This goes hand-in-hand with the tip above, albeit it is different. You not only need to ensure your cat has access to clean water, but also to clean drinking facilities. Whether it’s a bowl or a faucet, cats only want to drink from sources that they trust are clean.
Additionally, cats need to feel safe and at ease in order to drink. If their water source is in a place where other cats or other animals are around, they may feel too intimidated by potential conflict to drink. Make sure you keep your cat’s sources of water in places where they’ll feel comfortable and at-ease enough to drink. I personally keep a number of water sources for my cats in different areas of the house.
- Let your cat drink water their way
Don’t try to make your cat drink water out of a bowl if they don’t want to. Similarly, don’t just get your cat a running spigot because you heard that’s how all cats take their water. Find out the way your cat prefers to hydrate and ensure they can always do it that way
Generally, keeping your cat hydrated is a pretty easy task. But, if you’re having trouble making sure they get their daily dose of H2O, don’t sweat it (haha). Just remember: when in doubt, pour it out. If you’re not sure your cat has had enough water in a day, take them to their preferred source and just be very nice and encouraging. If they start sipping, great! If not, that’s okay too! Just remember to keep calm and regularly check back in to make sure they haven’t started displaying signs of dehydration in cats.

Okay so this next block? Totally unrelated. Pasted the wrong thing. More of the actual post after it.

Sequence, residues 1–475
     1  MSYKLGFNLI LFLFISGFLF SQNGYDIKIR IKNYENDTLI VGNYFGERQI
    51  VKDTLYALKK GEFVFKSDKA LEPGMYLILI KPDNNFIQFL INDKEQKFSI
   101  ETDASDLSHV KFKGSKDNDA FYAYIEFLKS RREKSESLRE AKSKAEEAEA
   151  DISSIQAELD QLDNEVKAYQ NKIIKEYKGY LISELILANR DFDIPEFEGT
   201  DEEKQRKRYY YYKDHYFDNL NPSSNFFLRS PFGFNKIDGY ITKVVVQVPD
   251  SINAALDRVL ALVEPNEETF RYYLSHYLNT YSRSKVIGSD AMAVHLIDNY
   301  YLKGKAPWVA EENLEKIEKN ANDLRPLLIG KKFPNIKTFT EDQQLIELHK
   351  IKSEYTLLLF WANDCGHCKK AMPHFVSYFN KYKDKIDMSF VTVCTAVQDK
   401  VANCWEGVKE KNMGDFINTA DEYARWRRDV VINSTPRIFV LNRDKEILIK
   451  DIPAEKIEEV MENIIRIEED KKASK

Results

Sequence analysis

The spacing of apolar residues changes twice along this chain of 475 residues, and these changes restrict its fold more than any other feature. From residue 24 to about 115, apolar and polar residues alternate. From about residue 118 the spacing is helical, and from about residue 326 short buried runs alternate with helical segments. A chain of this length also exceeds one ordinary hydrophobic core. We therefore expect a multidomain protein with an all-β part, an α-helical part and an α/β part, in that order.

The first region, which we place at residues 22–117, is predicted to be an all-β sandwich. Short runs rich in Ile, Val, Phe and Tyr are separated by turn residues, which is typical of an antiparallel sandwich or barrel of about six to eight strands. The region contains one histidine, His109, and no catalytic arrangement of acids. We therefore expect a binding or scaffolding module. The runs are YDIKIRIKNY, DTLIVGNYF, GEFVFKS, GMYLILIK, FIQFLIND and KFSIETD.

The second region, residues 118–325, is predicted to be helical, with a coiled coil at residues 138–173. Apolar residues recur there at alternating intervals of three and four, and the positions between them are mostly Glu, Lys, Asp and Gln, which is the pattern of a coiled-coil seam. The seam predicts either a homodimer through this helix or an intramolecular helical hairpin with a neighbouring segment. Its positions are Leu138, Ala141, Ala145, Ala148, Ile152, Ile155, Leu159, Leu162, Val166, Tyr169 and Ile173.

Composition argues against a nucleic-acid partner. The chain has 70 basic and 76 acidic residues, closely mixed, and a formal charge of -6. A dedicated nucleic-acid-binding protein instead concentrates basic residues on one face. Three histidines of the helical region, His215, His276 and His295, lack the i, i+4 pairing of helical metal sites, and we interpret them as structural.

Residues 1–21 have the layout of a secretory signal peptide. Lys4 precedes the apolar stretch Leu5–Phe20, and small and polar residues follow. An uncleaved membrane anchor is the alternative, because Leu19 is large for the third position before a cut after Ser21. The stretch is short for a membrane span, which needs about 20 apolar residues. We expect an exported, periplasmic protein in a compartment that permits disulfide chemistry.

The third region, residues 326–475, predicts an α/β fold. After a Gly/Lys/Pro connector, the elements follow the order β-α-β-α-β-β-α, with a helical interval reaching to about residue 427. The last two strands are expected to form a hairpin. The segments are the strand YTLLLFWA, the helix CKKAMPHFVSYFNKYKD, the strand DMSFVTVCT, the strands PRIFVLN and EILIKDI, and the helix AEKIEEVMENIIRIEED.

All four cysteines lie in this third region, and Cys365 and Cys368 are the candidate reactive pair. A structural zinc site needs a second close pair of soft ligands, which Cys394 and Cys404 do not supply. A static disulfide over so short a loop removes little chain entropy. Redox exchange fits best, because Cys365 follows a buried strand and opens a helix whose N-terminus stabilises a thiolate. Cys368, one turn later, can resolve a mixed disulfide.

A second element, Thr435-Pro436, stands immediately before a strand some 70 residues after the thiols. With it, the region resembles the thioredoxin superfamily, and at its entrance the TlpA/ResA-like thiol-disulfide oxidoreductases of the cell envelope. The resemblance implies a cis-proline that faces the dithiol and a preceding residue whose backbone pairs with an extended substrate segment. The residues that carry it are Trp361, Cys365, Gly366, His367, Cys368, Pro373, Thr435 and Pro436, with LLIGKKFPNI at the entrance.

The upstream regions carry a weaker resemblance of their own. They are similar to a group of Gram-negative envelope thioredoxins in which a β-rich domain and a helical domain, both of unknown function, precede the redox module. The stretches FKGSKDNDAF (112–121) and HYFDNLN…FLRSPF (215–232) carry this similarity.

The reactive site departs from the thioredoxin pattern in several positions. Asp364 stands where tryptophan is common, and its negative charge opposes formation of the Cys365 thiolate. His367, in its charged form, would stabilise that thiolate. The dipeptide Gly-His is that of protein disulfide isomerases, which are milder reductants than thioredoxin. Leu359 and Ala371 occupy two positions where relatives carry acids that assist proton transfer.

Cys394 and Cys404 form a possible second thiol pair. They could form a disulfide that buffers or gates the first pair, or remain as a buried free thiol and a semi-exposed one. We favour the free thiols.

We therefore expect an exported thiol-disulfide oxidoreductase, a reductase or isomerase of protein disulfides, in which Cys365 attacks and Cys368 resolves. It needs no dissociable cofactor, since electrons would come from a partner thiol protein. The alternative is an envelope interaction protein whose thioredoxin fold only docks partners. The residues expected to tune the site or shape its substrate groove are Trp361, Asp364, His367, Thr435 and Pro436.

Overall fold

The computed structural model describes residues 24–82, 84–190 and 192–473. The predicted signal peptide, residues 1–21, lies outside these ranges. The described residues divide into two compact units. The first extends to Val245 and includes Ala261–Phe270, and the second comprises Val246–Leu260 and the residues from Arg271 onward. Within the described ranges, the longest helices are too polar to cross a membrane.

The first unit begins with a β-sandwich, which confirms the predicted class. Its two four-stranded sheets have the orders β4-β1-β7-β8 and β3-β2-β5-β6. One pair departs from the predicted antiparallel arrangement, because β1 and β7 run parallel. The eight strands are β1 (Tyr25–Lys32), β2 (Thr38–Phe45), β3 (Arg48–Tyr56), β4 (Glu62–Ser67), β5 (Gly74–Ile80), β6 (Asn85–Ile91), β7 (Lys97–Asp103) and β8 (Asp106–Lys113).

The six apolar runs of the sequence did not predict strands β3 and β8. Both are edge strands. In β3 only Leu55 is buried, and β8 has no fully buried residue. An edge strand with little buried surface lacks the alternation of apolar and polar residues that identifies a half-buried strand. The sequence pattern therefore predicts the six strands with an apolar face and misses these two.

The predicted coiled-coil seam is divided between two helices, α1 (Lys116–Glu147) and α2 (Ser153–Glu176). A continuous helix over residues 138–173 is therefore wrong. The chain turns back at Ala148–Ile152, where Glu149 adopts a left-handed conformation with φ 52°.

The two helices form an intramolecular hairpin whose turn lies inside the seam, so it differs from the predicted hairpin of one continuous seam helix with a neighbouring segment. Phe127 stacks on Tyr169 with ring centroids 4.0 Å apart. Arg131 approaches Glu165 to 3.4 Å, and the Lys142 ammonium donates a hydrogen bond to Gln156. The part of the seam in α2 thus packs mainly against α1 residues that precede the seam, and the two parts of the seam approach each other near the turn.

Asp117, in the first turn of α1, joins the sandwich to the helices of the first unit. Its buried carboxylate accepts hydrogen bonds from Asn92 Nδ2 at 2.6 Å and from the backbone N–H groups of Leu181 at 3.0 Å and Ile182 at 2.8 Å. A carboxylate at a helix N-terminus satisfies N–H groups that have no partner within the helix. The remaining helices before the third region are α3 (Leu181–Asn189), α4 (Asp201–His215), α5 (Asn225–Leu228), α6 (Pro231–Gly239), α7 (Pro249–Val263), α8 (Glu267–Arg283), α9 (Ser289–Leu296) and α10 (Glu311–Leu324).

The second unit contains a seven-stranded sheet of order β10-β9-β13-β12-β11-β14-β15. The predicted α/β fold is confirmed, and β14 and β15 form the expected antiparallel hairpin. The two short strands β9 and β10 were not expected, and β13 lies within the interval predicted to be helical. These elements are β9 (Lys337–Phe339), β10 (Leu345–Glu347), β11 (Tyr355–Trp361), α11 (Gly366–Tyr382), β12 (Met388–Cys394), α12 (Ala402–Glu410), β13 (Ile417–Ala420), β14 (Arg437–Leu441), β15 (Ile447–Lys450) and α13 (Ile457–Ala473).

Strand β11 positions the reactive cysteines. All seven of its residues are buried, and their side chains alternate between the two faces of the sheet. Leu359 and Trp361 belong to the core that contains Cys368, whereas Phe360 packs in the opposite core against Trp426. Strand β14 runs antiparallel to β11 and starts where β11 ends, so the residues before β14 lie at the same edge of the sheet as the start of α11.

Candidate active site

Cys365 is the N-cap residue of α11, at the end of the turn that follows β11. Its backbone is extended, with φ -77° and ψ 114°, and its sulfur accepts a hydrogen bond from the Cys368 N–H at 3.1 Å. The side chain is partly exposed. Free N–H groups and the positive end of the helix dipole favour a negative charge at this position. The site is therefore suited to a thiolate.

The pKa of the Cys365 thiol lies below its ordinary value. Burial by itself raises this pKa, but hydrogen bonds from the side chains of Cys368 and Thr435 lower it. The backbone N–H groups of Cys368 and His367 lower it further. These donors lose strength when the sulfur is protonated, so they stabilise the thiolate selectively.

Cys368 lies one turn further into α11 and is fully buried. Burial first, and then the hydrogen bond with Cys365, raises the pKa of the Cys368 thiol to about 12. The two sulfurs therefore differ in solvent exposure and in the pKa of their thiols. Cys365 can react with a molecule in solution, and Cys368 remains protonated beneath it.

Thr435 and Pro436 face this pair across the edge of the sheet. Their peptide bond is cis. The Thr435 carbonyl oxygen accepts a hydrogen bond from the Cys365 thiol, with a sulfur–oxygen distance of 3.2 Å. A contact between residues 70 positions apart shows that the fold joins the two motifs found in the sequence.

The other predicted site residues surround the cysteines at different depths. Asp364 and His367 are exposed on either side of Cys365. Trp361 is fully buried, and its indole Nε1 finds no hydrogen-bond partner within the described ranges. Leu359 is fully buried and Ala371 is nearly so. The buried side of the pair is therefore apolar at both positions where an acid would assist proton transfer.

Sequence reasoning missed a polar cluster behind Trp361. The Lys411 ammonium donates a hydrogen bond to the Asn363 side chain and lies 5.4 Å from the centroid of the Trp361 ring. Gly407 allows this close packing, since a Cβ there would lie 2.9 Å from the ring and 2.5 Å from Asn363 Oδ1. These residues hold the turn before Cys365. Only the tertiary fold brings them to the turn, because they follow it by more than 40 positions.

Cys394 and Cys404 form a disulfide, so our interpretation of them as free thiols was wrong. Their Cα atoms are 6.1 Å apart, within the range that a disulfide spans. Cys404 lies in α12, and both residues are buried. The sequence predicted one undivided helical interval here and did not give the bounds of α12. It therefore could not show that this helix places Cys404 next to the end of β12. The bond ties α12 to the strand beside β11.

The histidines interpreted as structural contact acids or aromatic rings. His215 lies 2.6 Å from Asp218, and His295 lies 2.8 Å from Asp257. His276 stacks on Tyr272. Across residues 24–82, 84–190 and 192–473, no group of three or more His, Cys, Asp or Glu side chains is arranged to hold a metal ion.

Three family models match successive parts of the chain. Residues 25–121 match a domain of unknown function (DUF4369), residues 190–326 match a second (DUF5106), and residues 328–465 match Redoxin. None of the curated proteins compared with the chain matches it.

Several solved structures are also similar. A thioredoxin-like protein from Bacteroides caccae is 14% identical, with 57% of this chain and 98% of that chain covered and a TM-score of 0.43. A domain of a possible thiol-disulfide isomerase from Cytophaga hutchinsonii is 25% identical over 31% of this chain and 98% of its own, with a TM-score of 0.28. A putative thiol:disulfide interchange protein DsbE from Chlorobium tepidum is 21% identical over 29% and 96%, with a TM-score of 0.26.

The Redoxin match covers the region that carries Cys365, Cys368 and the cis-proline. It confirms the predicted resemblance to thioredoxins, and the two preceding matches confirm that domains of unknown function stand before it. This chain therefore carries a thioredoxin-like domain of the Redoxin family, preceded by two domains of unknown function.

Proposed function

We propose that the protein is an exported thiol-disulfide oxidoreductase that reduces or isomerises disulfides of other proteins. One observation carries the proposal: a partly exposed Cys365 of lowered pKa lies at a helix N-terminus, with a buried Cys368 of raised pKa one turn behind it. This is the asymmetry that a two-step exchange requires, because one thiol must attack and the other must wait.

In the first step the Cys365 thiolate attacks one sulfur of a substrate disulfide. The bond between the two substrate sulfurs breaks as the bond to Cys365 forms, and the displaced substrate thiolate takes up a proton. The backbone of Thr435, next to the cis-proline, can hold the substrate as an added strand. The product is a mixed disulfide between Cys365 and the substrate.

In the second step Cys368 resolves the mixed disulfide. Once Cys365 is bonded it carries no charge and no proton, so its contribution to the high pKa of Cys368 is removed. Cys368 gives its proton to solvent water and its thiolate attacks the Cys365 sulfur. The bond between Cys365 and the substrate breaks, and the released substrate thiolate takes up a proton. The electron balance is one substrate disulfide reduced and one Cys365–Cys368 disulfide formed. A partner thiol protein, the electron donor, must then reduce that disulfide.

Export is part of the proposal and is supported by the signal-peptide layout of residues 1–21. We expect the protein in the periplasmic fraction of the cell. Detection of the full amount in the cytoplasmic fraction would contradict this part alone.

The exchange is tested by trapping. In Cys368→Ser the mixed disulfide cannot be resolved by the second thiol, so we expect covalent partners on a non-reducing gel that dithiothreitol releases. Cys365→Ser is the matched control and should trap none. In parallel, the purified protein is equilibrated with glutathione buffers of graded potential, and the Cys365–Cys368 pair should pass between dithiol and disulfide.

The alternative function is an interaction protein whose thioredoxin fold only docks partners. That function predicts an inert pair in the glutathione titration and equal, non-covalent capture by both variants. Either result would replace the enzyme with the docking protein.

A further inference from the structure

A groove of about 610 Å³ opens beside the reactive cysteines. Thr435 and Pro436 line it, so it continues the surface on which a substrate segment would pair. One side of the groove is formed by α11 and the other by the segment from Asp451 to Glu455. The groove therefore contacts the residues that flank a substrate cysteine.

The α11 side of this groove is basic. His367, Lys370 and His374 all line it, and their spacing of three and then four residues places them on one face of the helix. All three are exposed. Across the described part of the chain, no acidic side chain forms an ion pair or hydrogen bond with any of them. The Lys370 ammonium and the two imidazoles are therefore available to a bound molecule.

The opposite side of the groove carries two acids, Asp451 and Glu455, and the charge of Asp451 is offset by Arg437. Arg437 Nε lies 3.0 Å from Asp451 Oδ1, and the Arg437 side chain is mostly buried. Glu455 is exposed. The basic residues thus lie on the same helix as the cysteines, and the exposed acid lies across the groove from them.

Of course, we probably don’t have to tell you of all people how to care for your feline friend. Clearly you’re a pet parent who cares a lot about keeping their fur baby happy and healthy – otherwise you wouldn’t be on this blog!
Still, there’s always more to learn! Sure, you know how to keep your cat hydrated. But do you know how often you should bathe your cat? Well, if not, click here to learn more! Or, ever wonder why a cat gets hairballs?